All Science So Far!

--------------
"Following what I just wrote about fitness, you’re taking refuge in what we see in the world."  PaV

"The simple equation F = MA leads to the concept of four-dimensional space." GilDodgen

"We have no brain, I don't, for thinking." Robert Byers

  
OgreMkV



Posts: 3283
Joined: Oct. 2009

(Permalink) Posted: Oct. 04 2011,17:32   

Quote (Tracy P. Hamilton @ Oct. 04 2011,11:36)
From the same bozos who brought us the "documentary" Expelled, No Intelligence Allowed, comes...

Quote
An Albuquerque-based filmmaker called Mark Mathis has produced a film called Spoiled, which promises to expose the “outright lies” being spread about oil by “the media, politicians and environmental activists”. Mathis says it’s now time to “fill up on the truth”.


Quote
The only clue to the film’s deeper content and arguments is the trailer that is currently posted on the film’s website. The viewer is introduced to half a dozen or so (unlabelled) talking heads, including Senator James Inhofe, all of which help to feed into the film’s central premise of why we need “an open and honest discussion about energy”. (The film’s co-writer Kevin Miller also talks about the film on an Atlanta-based Christian TV station.)


All Science So Far!

An open an honest discussion about energy:

"We can get all of our energy needs without pollutants."

"But, then the rich people won't be able to afford to buy more senators."

"QED."

--------------
Ignored by those who can't provide evidence for their claims.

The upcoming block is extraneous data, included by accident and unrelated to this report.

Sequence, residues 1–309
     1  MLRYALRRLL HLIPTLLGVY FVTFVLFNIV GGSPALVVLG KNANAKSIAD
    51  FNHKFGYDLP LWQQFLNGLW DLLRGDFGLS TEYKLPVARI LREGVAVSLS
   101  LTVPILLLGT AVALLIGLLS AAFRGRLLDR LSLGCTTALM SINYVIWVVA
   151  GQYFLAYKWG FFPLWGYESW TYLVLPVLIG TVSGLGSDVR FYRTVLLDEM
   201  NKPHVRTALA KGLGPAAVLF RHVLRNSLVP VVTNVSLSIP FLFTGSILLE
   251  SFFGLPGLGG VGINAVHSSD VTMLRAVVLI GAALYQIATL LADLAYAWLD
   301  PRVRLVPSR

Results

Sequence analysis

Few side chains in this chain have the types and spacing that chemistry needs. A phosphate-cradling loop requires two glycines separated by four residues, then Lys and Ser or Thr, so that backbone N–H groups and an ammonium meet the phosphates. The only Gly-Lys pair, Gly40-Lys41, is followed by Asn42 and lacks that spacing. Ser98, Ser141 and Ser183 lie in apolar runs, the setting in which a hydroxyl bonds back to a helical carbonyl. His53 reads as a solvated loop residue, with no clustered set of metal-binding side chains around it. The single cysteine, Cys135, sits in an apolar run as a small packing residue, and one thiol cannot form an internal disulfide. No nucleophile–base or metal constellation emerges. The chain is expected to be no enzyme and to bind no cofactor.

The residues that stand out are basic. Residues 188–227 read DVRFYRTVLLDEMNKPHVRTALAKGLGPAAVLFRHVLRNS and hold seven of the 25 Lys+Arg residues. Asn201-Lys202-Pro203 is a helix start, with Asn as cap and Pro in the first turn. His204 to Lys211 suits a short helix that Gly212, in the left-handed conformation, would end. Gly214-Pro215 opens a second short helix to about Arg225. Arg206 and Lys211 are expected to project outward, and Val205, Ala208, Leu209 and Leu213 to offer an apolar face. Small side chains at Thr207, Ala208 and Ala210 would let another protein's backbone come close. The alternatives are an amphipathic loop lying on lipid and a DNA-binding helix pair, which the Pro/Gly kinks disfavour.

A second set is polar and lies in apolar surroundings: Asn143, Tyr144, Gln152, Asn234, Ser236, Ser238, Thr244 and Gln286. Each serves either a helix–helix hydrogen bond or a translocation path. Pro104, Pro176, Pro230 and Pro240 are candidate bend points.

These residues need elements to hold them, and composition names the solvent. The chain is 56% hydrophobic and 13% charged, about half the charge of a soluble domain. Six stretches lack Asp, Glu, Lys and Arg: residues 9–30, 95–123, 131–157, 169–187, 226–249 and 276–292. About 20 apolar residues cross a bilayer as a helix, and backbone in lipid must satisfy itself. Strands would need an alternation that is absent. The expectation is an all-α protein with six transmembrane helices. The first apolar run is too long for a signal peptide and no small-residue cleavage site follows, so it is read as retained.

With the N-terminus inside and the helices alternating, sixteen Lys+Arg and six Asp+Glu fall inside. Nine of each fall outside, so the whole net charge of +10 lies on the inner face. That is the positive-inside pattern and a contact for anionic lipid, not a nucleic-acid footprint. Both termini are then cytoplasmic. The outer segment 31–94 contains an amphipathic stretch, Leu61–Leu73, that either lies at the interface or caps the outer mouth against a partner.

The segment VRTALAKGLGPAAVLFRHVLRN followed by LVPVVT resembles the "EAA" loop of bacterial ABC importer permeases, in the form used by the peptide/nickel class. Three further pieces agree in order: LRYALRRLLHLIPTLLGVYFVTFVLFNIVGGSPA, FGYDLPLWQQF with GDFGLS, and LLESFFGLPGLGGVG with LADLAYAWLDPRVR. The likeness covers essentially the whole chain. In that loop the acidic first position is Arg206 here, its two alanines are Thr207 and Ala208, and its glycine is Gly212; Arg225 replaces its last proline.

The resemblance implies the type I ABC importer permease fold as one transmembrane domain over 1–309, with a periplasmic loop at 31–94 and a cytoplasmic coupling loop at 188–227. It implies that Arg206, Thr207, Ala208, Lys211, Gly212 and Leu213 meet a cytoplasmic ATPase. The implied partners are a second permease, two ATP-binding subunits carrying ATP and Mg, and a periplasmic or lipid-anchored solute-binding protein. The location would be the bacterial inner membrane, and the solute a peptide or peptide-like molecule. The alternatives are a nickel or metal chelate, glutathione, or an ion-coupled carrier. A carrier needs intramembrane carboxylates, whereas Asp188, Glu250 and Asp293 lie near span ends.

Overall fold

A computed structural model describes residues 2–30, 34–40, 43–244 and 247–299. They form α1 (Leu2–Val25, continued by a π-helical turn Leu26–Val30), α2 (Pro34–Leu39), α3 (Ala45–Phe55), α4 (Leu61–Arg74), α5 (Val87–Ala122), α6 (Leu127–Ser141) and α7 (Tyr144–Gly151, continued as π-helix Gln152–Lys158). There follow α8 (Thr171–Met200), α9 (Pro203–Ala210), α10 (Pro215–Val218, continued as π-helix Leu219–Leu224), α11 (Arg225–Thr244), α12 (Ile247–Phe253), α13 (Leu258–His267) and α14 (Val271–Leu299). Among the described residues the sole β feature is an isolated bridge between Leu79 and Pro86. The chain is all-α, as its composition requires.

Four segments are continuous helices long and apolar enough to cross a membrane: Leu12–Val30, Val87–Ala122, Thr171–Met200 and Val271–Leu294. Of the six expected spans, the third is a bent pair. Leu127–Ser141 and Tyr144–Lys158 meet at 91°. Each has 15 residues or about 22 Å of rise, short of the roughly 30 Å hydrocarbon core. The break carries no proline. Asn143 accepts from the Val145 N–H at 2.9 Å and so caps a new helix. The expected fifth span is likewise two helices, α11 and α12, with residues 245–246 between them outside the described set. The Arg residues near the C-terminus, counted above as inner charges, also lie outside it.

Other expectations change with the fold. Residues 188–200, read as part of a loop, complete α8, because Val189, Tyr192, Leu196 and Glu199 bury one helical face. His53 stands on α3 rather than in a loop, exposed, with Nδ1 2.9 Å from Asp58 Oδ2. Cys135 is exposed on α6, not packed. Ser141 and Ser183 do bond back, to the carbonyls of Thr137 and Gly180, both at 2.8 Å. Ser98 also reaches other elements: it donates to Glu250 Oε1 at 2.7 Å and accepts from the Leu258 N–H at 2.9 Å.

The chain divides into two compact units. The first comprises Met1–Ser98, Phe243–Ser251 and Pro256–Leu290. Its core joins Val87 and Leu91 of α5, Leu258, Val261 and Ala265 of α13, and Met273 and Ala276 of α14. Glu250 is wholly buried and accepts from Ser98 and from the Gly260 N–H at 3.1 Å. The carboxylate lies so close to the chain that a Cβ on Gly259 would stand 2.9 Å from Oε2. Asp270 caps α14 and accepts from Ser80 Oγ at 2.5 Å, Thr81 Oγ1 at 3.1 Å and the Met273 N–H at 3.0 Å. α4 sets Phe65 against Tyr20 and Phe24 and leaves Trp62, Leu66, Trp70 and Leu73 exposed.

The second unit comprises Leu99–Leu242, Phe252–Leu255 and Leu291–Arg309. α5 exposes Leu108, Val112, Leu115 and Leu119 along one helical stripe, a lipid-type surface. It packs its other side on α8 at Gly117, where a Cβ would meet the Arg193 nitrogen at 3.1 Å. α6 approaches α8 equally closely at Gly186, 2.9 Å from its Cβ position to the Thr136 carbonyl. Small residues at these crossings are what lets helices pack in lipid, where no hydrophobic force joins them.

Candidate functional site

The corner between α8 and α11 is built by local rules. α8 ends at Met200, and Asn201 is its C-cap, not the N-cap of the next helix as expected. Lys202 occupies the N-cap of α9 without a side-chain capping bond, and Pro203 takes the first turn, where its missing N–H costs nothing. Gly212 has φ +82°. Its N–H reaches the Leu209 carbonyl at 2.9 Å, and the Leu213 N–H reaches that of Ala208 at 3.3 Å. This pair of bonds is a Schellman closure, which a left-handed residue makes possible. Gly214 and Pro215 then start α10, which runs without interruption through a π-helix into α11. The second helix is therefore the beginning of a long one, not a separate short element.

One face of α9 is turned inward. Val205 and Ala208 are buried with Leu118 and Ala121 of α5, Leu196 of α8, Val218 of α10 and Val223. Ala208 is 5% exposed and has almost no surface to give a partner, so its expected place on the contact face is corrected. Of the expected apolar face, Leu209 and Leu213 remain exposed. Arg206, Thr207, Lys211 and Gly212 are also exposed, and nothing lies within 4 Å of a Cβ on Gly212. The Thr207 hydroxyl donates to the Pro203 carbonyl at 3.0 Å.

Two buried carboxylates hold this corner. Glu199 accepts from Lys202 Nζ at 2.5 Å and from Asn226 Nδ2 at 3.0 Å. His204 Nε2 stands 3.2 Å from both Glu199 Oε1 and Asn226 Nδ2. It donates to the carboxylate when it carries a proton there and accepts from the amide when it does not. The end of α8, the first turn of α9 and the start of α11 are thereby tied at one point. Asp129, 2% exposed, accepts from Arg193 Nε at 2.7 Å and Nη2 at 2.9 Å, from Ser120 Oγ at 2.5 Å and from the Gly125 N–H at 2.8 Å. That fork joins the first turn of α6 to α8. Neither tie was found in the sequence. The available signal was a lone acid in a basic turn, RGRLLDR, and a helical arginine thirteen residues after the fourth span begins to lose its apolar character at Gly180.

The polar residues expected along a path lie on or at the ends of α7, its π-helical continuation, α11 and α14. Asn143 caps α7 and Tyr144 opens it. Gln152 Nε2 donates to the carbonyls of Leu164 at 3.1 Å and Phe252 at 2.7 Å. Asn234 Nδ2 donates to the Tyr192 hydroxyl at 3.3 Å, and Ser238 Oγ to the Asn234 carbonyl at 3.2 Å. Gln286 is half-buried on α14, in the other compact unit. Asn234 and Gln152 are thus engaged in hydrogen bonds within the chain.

http://skepticink.com/smilodo....retreat

   
OgreMkV



Posts: 3283
Joined: Oct. 2009

(Permalink) Posted: Oct. 06 2011,07:11   

Quote (forastero @ Oct. 06 2011,00:13)
Quote (Trubble @ July 15 2011,14:26)
Thanks, Louis. My original question has been adequately answered, by several people including yourself. I think the "denier" label is sometimes applied to people who I don't think are denying the reality or seriousness of climate change, only going against the mainstream on some of the details or suggested solutions. I think that tactic is counter-productive. But no one here seems to support it, which is good.

My "sticking point" now is that I don't appreciate being accused of having some kind of dishonest agenda, or of being a "dumb sumbitch" too lazy or stupid to use Google. I said earlier I'd go back to lurking, because I don't enjoy this kind of exchange ("Jane, you ignorant slut..."), but I guess I've been sucked in now.